Without a certain and continuous connection with Jesus we drift back into trying to make it on our own. We will use and invent independent methods for surviving on our own (rather than the Easter connection that would lead us to the adventure of new Easter life.) The all night effort (night in John = darkness, being “in the dark,” ignorance, doubt, unbelief) suggests belief in our old ways for survival. We climb back into our old boats and throughout the night throw out our nets and catch nothing. The Christian mission of “catching people” catches nothing. Zero. Why might this be?

Step 3: Final Diagnosis (Eternal Problem) – Without Jesus, Nothing!
Jesus Himself meets them. While He addresses them as “comrades,” even “friends,” He knows they have achieved NOTHING. “You have no fish, have you?” A yes, or positive response is not anticipated. Nothing, like “they have no wine” (2:3) or like in “all night long but caught nothing” (Luke 5:5, Simon Peter). While the sound of Jesus’ speech is gentle as to “comrades,” it has in it divine judgement (see John 15:5). “Without me you can do nothing!” We are empty and without purpose. St. Paul says it more precisely: “If Christ is not Easter Newness, then our proclamation is for nothing, and your faith is for nothing!” (1 Cor. 15:13-14) We perish without Him! Pity us! (1 Cor. 15:19)

PROGNOSIS: Morning Has Broken! Here Comes Jesus

Step 4: Initial Prognosis (Eternal Solution) – Easter Presence and Connection
Who, what and where is our link to Life? Where else but “in Him was Life!” Early in the morning sounds like a repeat of Easter morn with Jesus’ Easter presence. That morning signaled a resurrection from the dead. Here it has the shape of a Promising direction. Right Side (not wrong or left side). Result: a great catch, inclusive, universal, all nations? All out of nothing! Jesus provides a “Eucharistic” exchange, a feeding of Himself (see John 6), an Easter breakfast, a Eucharistic sharing. “It is the Lord,” and He it is who “took and gave” (v. 13) Bread. “I am the Bread of Life.” And fish ICHTHUS, the faithful confession in acrostic (from the Greek, “Jesus Christ, God’s Son Savior)? His identity now ours? Jesus the Risen Lord is Host. He feeds. “Come let us eat for now the feast is spread.” (An early symbol for Eucharist pictures a fish and a basket of bread including a cup of wine in the basket of bread (p. 39 “Symbolism in Christian Art,” Scribners, New York, 1959)! He gives – for our nothing and replaces our nothing with His giving and our taking. Sweet Swap. The gift Jesus gives is not the medicine of immortality, but a revelation of His sharing of Himself with the Church in its task and mission, purpose. That is what makes for eternal life.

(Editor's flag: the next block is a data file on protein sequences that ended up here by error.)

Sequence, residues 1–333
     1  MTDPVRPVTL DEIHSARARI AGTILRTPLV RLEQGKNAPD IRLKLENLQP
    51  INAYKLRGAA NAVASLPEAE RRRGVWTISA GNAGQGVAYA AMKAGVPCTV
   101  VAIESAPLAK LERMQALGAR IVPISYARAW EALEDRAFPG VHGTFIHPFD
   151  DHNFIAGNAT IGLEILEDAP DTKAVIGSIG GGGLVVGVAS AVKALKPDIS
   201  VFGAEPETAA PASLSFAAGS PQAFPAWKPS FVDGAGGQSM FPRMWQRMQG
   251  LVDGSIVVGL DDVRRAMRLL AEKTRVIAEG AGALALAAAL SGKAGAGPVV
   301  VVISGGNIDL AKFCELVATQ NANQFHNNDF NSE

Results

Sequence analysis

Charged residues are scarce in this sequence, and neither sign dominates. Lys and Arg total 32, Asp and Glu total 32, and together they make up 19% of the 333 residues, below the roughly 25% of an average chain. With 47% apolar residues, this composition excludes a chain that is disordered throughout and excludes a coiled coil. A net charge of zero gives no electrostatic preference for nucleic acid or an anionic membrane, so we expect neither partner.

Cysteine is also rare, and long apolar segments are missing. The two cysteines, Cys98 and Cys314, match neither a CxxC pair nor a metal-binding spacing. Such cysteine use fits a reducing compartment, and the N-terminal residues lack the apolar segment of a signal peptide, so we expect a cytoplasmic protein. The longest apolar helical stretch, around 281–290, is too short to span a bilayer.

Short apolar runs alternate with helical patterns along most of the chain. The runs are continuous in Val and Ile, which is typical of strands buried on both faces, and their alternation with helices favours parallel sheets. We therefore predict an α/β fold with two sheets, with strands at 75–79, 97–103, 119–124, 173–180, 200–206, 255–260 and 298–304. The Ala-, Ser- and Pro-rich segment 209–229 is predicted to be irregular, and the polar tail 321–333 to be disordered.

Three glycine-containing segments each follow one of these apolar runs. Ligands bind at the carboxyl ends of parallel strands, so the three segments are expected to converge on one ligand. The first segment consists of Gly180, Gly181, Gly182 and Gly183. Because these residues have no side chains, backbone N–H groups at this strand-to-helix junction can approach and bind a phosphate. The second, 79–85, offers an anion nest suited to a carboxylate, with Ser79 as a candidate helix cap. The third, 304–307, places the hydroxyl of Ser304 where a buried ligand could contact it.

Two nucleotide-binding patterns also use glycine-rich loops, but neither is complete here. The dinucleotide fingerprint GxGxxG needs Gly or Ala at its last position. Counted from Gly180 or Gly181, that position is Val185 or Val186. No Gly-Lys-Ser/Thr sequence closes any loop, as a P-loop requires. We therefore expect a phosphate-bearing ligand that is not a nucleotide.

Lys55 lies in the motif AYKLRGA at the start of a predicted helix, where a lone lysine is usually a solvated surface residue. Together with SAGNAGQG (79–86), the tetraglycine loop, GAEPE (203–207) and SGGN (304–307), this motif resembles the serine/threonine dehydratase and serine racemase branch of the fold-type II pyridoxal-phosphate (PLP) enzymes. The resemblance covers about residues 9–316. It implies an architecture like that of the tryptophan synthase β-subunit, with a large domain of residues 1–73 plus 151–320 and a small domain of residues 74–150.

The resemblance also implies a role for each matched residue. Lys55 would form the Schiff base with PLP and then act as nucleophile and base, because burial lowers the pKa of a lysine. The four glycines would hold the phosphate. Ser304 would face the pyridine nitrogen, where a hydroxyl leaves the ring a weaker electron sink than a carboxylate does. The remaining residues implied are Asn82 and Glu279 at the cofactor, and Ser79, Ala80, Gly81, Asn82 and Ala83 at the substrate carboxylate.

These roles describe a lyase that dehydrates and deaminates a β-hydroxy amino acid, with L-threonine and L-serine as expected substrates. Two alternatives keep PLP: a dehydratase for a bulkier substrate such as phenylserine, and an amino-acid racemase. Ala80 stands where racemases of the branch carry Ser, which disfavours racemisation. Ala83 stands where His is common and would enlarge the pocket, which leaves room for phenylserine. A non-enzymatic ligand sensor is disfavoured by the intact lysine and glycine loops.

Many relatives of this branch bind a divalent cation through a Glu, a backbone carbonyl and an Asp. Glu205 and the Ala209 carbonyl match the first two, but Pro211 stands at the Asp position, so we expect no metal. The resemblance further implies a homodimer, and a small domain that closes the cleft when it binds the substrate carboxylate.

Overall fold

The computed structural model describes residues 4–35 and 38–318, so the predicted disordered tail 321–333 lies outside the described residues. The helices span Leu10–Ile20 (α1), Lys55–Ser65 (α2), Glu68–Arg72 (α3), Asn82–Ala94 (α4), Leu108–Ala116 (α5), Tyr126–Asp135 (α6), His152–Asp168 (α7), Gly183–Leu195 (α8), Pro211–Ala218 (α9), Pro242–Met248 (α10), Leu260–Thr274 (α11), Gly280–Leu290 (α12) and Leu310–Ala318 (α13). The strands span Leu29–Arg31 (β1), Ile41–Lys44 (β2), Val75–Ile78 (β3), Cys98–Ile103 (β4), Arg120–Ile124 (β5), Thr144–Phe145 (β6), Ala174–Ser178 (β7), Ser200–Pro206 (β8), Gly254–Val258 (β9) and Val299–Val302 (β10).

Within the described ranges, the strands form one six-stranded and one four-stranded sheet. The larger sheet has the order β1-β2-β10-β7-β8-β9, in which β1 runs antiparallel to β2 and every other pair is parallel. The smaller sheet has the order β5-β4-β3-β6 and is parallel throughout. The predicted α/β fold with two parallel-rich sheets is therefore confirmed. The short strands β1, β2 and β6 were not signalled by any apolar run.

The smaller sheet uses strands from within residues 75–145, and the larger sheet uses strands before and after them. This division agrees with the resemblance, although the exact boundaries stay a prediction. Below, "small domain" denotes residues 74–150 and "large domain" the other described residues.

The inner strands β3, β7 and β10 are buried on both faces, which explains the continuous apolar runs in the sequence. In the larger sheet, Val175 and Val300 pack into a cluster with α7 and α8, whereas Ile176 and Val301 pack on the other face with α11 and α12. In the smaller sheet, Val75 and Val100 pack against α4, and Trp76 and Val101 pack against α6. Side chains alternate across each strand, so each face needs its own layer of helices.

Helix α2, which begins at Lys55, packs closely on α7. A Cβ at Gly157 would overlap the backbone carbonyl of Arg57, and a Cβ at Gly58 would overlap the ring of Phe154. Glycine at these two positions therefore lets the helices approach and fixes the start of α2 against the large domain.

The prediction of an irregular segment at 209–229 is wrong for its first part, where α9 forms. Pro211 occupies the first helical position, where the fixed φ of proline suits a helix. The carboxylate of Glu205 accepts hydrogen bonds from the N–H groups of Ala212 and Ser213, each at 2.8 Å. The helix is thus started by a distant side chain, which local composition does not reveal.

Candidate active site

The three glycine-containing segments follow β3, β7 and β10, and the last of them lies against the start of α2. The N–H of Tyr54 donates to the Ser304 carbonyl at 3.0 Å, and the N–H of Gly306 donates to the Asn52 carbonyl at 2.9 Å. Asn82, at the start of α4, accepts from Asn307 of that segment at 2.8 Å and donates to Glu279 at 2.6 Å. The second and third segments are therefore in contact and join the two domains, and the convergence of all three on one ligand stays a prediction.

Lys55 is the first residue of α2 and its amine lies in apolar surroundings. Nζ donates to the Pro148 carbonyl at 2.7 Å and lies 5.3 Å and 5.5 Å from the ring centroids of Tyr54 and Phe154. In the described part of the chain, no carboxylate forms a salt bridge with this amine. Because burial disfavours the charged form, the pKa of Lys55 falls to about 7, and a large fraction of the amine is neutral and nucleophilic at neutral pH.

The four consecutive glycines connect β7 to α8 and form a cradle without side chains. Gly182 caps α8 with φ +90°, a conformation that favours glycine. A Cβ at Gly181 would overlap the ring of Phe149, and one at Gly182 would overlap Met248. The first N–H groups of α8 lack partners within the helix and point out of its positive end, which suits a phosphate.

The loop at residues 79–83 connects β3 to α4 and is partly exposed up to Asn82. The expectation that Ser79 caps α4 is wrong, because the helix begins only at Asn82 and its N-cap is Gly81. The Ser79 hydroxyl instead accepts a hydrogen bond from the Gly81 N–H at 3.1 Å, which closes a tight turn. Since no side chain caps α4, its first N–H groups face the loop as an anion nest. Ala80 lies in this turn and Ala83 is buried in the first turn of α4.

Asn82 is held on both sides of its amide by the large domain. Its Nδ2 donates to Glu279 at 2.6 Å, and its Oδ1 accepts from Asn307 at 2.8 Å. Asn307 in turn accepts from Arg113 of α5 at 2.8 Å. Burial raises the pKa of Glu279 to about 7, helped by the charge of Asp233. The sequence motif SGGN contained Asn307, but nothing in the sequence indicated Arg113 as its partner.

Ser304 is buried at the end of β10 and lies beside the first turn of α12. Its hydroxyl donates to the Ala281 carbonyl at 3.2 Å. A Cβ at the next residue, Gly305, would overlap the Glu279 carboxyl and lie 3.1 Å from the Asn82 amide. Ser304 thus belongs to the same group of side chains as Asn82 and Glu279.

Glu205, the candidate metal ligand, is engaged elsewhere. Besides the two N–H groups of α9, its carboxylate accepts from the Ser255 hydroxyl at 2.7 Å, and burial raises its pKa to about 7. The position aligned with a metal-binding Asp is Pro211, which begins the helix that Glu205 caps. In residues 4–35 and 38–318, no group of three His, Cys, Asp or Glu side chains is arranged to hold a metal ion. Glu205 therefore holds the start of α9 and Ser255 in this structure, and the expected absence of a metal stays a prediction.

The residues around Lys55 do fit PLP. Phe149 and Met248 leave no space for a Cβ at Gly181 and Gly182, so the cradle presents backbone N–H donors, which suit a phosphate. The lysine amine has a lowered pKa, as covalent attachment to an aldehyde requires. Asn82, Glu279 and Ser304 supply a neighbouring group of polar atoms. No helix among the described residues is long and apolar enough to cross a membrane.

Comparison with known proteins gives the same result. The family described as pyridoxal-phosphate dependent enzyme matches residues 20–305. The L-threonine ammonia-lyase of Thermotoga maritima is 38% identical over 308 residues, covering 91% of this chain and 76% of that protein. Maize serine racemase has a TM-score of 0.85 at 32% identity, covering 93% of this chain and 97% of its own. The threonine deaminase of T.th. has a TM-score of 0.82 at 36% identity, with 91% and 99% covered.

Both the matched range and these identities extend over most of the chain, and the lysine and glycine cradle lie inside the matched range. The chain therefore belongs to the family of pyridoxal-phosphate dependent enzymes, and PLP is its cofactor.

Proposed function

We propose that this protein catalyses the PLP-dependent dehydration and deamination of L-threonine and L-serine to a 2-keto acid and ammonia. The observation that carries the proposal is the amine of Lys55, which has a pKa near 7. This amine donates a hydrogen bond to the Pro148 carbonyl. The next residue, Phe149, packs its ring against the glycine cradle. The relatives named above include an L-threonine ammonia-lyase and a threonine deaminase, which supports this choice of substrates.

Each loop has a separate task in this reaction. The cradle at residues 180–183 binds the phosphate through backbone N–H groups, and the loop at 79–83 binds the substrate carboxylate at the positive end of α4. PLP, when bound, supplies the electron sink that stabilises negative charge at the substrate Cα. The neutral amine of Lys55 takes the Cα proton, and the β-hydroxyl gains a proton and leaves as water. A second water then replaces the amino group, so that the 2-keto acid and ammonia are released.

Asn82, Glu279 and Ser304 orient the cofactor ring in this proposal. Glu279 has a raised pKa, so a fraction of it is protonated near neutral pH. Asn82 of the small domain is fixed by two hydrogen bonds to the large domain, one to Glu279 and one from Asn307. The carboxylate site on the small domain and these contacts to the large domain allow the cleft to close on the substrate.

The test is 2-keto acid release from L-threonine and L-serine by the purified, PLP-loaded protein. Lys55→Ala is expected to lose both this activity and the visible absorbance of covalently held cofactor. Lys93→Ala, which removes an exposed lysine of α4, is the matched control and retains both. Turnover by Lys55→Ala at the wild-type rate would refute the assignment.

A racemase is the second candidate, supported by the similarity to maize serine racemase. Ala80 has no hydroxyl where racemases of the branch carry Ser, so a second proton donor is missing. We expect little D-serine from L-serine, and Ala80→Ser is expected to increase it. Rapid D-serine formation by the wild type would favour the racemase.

Step 5: Advanced Prognosis (Internal Solution) – Love as Faith in Action (vv. 15-17) See Gal. 5:6b
Feed the flock as I have fed you. As Peter failed three times, defaulting in the faith, he is given three times to declare and redeem his denial. He is not asked to renounce his denial, but to affirm his love (whether agape or philia) which expresses itself in feeding, nurture and care of the sheep. Peter and all like him are “shriven and forgiven” and Jesus Himself as Good Shepherd, purposes the pastoral ministry of the Church, her mission (again, see Robert H. Smith).

Step 6: Final Prognosis (External Solution) – Cross-Shaped Life and Mission (John 21:18-19)
“The Gospel has insisted on the dimension of depth, spying the glory of Jesus in His lowliness, love and Cross” (Smith). The link to life and mission that seemed to be arbitrary and sporadic in Easter appearances, becomes a Cross-shaped life of purpose and ministry with arms outstretched by which God will be glorified, through the One who came not to be served but to serve and give his life as a ransom for many. This is “martyrdom,” according to its original meaning: witness to the newness and presence of the Risen Lord with His Church. His “purpose driven” Church, through Word and Sacrament. (Feed my sheep.)

Note: Helpful resource: “What is a Church For? RE-PURPOSED” by Jason Byassee, Christian Century, pp. 28-32, March 9, 2004